doi = {http://dx.doi.org/10.1063/PT.3.2856}
}
Kumar, A., Wu, Y., Christensen, R., Chandris, P., Gandler, W., McCreedy, E., Bokinsky, A., Colón-Ramos, D.A., Bao, Z., McAuliffe, M., Rondeau, G. and Shroff, H. Dual-view plane illumination microscopy for rapid and
spatially isotropic imaging
2014 Nat. Protoc.
Vol. 9(11), pp. 2555-2573 
article DOI URL 
Abstract: We describe the construction and use of a compact dual-view
inverted selective plane illumination microscope (diSPIM) for
time-lapse volumetric (4D) imaging of living samples at
subcellular resolution. Our protocol enables a biologist with
some prior microscopy experience to assemble a diSPIM from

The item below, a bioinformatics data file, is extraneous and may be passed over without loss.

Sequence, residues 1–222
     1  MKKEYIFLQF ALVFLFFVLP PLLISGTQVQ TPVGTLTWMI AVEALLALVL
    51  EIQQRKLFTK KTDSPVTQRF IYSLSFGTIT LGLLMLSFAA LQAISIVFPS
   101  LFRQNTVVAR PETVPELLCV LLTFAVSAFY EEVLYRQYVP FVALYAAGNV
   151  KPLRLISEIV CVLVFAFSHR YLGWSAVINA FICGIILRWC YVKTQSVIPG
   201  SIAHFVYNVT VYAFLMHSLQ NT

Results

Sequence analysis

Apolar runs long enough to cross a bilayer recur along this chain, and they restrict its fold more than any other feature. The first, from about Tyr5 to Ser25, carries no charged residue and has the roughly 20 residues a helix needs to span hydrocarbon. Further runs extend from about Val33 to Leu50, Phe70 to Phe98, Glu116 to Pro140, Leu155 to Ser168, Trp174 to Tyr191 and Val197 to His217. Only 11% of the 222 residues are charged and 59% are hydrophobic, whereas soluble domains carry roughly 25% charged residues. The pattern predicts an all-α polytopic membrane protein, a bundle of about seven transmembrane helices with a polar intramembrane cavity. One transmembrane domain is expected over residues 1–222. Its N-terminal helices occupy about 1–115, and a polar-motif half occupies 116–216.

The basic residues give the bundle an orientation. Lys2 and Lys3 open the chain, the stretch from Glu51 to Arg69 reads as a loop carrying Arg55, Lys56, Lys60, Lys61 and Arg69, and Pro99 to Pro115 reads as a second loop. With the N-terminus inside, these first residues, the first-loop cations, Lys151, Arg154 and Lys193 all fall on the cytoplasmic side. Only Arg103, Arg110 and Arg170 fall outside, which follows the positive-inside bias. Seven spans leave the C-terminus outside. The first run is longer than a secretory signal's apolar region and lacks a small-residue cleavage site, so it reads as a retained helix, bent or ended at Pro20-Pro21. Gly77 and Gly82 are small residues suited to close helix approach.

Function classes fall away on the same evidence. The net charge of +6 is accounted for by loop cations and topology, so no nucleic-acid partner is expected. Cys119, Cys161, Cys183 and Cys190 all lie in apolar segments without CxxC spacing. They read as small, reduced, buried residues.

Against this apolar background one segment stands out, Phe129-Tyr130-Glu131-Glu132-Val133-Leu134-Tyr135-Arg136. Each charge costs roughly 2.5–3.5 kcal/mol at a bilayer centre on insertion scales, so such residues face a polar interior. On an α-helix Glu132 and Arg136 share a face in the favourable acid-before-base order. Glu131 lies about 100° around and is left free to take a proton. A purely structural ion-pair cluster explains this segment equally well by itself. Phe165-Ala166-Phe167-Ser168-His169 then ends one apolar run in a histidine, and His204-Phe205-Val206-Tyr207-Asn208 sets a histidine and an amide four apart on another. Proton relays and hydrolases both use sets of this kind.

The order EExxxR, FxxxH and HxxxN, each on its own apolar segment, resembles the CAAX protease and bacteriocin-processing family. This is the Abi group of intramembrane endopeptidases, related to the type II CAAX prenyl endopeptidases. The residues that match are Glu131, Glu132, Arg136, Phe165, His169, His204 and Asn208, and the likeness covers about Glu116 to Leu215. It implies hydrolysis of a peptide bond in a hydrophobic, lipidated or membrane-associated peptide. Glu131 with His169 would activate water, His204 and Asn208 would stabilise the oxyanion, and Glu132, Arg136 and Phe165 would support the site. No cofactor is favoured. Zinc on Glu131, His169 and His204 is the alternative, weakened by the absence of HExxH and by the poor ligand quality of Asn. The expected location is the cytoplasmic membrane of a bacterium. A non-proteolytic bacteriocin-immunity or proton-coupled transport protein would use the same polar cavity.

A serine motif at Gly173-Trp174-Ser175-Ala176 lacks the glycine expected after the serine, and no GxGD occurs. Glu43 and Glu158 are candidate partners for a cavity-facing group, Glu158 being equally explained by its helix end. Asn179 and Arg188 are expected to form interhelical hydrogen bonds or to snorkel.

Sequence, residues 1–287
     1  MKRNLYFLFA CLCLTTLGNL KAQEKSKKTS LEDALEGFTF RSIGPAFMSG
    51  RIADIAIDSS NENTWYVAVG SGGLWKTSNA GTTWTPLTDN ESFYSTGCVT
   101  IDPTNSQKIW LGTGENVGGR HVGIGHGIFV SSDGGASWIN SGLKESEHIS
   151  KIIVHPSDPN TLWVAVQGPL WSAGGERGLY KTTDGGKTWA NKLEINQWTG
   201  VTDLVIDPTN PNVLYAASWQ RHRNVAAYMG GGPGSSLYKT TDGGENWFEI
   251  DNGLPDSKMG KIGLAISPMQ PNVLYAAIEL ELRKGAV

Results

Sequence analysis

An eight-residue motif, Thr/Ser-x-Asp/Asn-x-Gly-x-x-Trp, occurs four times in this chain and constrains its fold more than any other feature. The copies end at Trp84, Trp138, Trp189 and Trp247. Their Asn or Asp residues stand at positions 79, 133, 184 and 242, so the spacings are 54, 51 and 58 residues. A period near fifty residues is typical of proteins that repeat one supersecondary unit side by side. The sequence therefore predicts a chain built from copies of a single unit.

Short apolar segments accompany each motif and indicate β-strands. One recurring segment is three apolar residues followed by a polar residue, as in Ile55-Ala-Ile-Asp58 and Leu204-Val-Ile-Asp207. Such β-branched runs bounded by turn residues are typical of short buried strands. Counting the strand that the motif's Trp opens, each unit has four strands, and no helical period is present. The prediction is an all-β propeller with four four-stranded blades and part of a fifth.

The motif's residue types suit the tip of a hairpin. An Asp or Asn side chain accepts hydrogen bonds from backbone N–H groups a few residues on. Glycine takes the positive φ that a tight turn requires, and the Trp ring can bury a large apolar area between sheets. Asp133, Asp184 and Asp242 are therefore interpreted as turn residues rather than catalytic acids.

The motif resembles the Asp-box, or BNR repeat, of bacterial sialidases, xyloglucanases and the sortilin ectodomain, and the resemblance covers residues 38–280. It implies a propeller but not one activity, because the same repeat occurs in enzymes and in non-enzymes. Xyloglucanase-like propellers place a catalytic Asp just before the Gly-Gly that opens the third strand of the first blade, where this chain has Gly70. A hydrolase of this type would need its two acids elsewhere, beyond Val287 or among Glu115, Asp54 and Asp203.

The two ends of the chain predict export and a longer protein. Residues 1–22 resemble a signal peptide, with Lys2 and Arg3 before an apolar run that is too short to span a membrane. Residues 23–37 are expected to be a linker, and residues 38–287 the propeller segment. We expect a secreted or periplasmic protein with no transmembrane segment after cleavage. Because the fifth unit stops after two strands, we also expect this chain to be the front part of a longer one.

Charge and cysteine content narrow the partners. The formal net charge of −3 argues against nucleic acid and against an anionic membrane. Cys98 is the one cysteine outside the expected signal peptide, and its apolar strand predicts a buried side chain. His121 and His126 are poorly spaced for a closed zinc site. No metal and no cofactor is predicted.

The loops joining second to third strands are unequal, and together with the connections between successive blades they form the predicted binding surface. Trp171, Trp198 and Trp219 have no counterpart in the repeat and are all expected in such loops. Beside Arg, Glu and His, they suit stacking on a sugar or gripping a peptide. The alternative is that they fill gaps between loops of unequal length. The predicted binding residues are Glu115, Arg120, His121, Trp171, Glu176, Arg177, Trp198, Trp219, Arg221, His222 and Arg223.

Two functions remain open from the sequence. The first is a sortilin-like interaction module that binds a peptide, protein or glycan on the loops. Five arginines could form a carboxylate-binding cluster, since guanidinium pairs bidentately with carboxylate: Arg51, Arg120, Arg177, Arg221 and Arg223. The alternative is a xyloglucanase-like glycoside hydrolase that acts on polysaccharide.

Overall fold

commercially available parts, to align optics and test system
performance, to prepare samples, and to control hardware and
data processing with our software. Unlike existing light sheet
microscopy protocols, our method does not require the sample
to be embedded in agarose; instead, samples are prepared
conventionally on glass coverslips. Tissue culture cells and
Caenorhabditis elegans embryos are used as examples in this
protocol; successful implementation of the protocol results in
isotropic resolution and acquisition speeds up to several
volumes per s on these samples. Assembling and verifying
diSPIM performance takes 6 d, sample preparation and data
acquisition take up to 5 d and postprocessing takes 3-8 h,
depending on the size of the data.
BibTeX:
@article{Kumar2014-qm,
  author = {Kumar, Abhishek and Wu, Yicong and Christensen, Ryan and
Chandris, Panagiotis and Gandler, William and McCreedy, Evan
and Bokinsky, Alexandra and Colón-Ramos, Daniel A and Bao,
Zhirong and McAuliffe, Matthew and Rondeau, Gary and Shroff,